Chemical Effects on the Ultimate Properties of Polymer Networks in the Glassy State
Highly crosslinked polymer networks have been prepared by crosslinking low molecular weight, reactive copolymers. The dependence of the ultimate properties of these networks in the glassy state on the molecular weight of the prepolymer, its functionality, the stoichiometry of the reactants and conversion of the reactive groups has been measured. It is shown that the ultimate properties are remarkably sensitive to slight variations in chemical composition and network topology. This dependence could not be rationalized in terms of network parameters or defects on a molecular scale (as is the case in the rubbery state) but might be explained if incoherent network structures were to form.
A statistical theory is developed based on configurational restrictions, which provides a general mechanism of formation of crosslink density inhomogeneities. The theory predicts that each intramolecular reaction enhances the probability that more intramolecular reactions take place, leading to crosslinked regions which are poorly connected with the matrix or with each other.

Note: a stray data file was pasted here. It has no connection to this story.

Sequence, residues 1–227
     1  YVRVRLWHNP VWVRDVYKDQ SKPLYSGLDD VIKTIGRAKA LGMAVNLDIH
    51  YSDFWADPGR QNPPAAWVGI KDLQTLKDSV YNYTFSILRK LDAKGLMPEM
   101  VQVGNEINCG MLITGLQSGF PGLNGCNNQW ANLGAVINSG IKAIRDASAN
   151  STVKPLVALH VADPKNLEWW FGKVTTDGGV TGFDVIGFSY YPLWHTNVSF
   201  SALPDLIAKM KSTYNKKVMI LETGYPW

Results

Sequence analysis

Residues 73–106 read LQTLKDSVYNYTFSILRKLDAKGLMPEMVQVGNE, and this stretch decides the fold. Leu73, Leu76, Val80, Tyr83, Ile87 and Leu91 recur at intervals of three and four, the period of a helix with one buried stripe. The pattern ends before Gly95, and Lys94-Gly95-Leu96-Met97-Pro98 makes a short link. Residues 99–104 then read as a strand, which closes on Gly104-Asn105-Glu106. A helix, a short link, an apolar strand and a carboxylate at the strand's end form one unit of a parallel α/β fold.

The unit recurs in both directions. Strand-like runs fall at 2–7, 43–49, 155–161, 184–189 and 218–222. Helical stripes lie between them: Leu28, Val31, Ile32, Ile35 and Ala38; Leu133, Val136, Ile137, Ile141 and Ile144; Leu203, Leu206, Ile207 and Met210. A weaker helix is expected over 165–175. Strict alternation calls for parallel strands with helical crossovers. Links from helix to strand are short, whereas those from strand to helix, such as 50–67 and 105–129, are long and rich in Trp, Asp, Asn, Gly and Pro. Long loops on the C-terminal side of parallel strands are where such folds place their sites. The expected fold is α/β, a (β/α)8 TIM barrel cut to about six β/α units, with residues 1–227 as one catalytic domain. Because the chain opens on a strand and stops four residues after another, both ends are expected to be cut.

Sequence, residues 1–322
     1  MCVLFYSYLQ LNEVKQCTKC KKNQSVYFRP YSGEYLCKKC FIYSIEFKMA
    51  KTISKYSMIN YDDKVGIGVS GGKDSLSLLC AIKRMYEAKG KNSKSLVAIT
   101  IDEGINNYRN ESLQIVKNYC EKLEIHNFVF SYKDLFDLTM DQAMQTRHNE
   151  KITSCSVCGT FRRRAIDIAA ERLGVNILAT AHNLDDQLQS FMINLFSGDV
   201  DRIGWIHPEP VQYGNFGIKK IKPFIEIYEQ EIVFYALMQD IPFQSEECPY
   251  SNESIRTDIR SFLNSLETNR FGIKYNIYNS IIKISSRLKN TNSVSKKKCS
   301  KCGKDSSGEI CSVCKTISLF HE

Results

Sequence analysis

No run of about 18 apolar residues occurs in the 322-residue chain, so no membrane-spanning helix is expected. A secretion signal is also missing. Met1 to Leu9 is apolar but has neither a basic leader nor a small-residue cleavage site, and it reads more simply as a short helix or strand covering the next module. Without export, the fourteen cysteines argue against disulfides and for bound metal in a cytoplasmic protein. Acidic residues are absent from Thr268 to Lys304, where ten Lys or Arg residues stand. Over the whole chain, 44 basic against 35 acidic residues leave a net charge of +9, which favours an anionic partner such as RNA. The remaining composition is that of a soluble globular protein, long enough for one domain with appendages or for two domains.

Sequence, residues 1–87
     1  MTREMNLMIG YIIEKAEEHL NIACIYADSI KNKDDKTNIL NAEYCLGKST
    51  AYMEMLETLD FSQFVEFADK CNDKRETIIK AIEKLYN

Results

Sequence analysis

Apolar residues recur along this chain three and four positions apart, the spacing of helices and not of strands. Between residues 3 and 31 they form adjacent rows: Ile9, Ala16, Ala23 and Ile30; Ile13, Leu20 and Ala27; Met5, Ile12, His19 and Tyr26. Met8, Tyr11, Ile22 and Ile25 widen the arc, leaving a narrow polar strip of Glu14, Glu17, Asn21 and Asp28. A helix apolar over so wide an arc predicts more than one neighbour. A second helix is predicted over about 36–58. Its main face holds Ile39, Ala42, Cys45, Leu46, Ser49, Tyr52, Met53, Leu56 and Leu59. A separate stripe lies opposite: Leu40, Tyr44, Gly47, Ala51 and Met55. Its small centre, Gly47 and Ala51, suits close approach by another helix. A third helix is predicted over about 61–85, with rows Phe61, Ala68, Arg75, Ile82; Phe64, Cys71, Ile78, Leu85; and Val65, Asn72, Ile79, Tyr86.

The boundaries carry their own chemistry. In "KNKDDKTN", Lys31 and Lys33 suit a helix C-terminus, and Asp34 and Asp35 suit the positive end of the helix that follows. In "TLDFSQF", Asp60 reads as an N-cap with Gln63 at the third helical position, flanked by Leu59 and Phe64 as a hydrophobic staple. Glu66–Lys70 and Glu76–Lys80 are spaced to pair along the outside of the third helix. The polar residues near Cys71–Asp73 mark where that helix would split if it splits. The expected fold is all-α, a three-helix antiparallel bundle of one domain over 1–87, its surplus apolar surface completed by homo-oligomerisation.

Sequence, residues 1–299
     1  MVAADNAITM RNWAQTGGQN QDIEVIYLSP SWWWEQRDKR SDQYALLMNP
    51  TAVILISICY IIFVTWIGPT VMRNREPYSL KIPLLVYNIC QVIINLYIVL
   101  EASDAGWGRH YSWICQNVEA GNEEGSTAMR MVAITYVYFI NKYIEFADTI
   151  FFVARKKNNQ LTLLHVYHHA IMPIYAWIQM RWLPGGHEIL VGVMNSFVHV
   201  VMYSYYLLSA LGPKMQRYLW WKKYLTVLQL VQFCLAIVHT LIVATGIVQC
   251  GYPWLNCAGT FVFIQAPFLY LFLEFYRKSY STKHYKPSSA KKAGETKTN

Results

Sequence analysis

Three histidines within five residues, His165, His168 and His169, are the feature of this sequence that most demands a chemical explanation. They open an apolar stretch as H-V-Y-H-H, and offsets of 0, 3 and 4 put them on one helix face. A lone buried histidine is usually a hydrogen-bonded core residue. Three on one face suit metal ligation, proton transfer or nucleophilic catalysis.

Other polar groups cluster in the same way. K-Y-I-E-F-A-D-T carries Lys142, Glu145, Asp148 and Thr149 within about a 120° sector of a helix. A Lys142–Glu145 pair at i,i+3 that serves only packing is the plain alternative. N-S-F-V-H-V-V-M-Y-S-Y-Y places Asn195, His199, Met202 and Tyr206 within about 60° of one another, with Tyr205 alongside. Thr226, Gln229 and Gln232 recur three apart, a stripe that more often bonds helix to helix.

Accordingly, carbon replicas of fracture surfaces of the thermosets before and after etching with sulfuric-chromic acid have been prepared. Electron micrographs of these replicas indicate the presence of crosslink density inhomogeneities which are 100 to 150 Å in diameter; a size range correctly predicted by theory. Thus, the present theory provides a basis for an explanation of the sensitivity of the network properties to variations in chemical composition.
KeywordsCrosslinking Agent Crosslink Density Radial Distribution Function Crosslinking Reaction Tensile Modulus
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